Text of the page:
Fast factor generation with Rcpp

Kevin Ushey — written Feb 27, 2013 — source

Recall that factors are really just integer vectors with ‘levels’, i.e., character labels that get mapped to each integer in the vector. How can we take an arbitrary character, integer, numeric, or logical vector and coerce it to a factor with Rcpp? It’s actually quite easy with Rcpp sugar:

#include <Rcpp.h>
using namespace Rcpp;

template <int RTYPE>
IntegerVector fast_factor_template( const Vector<RTYPE>& x ) {
    Vector<RTYPE> levs = sort_unique(x);
    IntegerVector out = match(x, levs);
    out.attr("levels") = as<CharacterVector>(levs);
    out.attr("class") = "factor";
    return out;

// [[Rcpp::export]]
SEXP fast_factor( SEXP x ) {
    switch( TYPEOF(x) ) {
    case INTSXP: return fast_factor_template<INTSXP>(x);
    case REALSXP: return fast_factor_template<REALSXP>(x);
    case STRSXP: return fast_factor_template<STRSXP>(x);
    return R_NilValue;

Note a few things:

  1. We template over the RTYPE; i.e., the internal type that R assigns to its objects. For this example, we just need to know that the R types (as exposed in an R session) map to internal C types as integer -> INTSXP, numeric -> REALSXP, and character -> STRSXP.

  2. We return an IntegerVector. Remember that factors are just integer vectors with a levels attribute and class factor.

  3. To generate our factor, we simply need to calculate the sorted unique values (the levels), and then match our vector back to those levels.

  4. Next, we can just set the attributes on the object so that R will interpret it as a factor, rather than a plain old integer vector, when it’s returned.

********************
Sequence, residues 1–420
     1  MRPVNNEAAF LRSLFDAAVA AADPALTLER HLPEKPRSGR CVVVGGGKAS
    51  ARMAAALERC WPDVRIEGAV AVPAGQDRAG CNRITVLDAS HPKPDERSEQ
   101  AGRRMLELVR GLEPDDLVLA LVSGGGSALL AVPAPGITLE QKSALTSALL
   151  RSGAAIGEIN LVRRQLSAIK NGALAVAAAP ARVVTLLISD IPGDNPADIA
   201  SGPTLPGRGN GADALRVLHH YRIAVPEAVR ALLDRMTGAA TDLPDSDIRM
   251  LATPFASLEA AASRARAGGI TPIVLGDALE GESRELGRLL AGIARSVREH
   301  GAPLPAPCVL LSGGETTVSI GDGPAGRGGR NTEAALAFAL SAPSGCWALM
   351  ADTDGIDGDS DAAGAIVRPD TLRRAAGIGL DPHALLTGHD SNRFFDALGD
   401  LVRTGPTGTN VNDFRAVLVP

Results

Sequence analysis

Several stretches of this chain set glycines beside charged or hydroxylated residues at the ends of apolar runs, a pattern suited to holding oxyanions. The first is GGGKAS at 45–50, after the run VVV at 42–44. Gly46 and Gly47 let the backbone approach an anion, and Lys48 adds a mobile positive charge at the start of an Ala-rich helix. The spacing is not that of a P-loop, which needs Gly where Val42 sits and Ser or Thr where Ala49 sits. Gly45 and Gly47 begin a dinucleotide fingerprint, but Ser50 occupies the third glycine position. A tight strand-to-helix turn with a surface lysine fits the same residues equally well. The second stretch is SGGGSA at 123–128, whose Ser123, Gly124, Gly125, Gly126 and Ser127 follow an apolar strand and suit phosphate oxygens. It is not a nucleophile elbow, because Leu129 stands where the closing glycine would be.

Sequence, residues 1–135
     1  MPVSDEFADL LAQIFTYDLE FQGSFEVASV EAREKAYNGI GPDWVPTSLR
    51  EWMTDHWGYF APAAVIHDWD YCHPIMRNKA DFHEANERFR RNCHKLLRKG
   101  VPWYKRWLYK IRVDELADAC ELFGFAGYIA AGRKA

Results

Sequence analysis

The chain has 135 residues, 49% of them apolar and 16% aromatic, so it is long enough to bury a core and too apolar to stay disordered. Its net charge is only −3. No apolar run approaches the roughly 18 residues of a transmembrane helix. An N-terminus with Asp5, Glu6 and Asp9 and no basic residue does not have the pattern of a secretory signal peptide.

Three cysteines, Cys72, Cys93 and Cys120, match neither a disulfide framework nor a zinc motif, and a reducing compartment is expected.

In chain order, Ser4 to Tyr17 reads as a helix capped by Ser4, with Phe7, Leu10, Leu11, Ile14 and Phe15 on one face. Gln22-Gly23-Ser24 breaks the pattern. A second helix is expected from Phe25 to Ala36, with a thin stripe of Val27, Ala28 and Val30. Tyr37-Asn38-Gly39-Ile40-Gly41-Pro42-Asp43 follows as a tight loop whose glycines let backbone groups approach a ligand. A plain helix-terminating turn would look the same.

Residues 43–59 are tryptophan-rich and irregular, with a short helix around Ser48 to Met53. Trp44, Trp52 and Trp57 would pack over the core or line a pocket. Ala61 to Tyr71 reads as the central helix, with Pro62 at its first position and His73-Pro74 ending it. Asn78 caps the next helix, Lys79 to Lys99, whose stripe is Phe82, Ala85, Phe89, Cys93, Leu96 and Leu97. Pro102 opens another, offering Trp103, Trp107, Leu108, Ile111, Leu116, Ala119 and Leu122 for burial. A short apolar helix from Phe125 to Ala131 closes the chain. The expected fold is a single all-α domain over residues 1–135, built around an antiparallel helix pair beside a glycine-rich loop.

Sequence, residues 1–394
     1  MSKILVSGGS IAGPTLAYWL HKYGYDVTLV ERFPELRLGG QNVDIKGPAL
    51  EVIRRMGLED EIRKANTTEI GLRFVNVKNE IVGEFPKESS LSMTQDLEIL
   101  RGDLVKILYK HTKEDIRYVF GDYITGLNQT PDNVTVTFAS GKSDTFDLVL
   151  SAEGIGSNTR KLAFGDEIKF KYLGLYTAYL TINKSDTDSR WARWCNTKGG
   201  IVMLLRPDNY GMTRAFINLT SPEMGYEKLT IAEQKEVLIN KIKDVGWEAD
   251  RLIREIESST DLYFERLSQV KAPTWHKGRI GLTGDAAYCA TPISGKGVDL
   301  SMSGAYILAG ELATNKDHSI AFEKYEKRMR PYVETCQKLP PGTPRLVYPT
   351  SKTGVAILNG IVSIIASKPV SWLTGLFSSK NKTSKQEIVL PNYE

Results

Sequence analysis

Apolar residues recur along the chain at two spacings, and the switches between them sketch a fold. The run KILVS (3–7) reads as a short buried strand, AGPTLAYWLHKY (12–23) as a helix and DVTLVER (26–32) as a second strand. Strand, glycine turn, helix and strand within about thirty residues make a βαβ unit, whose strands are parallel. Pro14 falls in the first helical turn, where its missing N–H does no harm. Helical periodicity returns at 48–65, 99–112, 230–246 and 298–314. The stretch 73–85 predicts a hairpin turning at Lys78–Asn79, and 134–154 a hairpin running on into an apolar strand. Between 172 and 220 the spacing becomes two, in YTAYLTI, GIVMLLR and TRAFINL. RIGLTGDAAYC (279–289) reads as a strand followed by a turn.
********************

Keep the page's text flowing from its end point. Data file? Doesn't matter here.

And a quick test:

stopifnot(all.equal( factor( 1:10 ), fast_factor( 1:10 )))
stopifnot(all.equal( factor( letters ), fast_factor( letters )))
lets <- sample( letters, 1E5, replace=TRUE )
microbenchmark( factor(lets), fast_factor(lets) )
Unit: milliseconds
              expr   min    lq median    uq   max neval
      factor(lets) 5.065 5.788  5.976 6.375 36.57   100
 fast_factor(lets) 1.367 1.421  1.453 1.520  2.83   100

(However, note that this doesn’t handle NAs – fixing that is left as an exercise. Similarily for logical vectors – it’s not quite as simple as just adding a call to a LGLSXP templated call, but it’s still not tough – use INTSXP and set set the levels to FALSE and TRUE.)

We can demonstrate a simple example of where this might be useful with tapply. tapply(x, group, FUN) is really just a wrapper to lapply( split(x, group), FUN ), and split relies on coercing ‘group’ to a factor. Otherwise, split calls .Internal( split(x, group) ), and trying to do better than an internal C function is typically a bit futile. So, now that we’ve written this, we can test a couple ways of performing a tapply-like function:

x <- rnorm(1E5)
gp <- sample( 1:1000, 1E5, TRUE )
stopifnot(all( tapply(x, gp, mean) == unlist( lapply( split(x, fast_factor(gp)), mean ))))
stopifnot(all( tapply(x, gp, mean) == unlist( lapply( split(x, gp), mean ) ) ))
benchmark(replications=20, order="relative",
	  tapply(x, gp, mean), 
          unlist(lapply(split(x,gp), mean))
                                             test elapsed relative
2 unlist(lapply(split(x, fast_factor(gp)), mean))   0.292    1.000
3              unlist(lapply(split(x, gp), mean))   1.042    3.568
1                             tapply(x, gp, mean)   2.043    6.997

To be fair, tapply actually returns a 1-dimensional array rather than a vector, and also can operate on more general arrays. However, we still do see a modest speedup both for using lapply, and for taking advantage of our fast factor generator.

tags: factor  sugar 

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